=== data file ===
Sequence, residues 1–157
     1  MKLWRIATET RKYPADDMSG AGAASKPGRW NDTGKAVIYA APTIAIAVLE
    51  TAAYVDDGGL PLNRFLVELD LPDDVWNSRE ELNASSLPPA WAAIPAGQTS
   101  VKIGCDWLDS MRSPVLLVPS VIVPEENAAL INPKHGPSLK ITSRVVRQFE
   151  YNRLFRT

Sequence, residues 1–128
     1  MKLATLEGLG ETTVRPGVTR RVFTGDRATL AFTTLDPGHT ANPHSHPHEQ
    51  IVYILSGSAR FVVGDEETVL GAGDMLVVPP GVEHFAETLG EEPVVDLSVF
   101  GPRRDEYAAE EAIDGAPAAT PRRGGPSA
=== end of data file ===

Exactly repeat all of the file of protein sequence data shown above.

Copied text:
Sequence, residues 1–157
     1  MKLWRIATET RKYPADDMSG AGAASKPGRW NDTGKAVIYA APTIAIAVLE
    51  TAAYVDDGGL PLNRFLVELD LPDDVWNSRE ELNASSLPPA WAAIPAGQTS
   101  VKIGCDWLDS MRSPVLLVPS VIVPEENAAL INPKHGPSLK ITSRVVRQFE
   151  YNRLFRT

Sequence, residues 1–128
     1  MKLATLEGLG ETTVRPGVTR RVFTGDRATL AFTTLDPGHT ANPHSHPHEQ
    51  IVYILSGSAR FVVGDEETVL GAGDMLVVPP GVEHFAETLG EEPVVDLSVF
   101  GPRRDEYAAE EAIDGAPAAT PRRGGPSA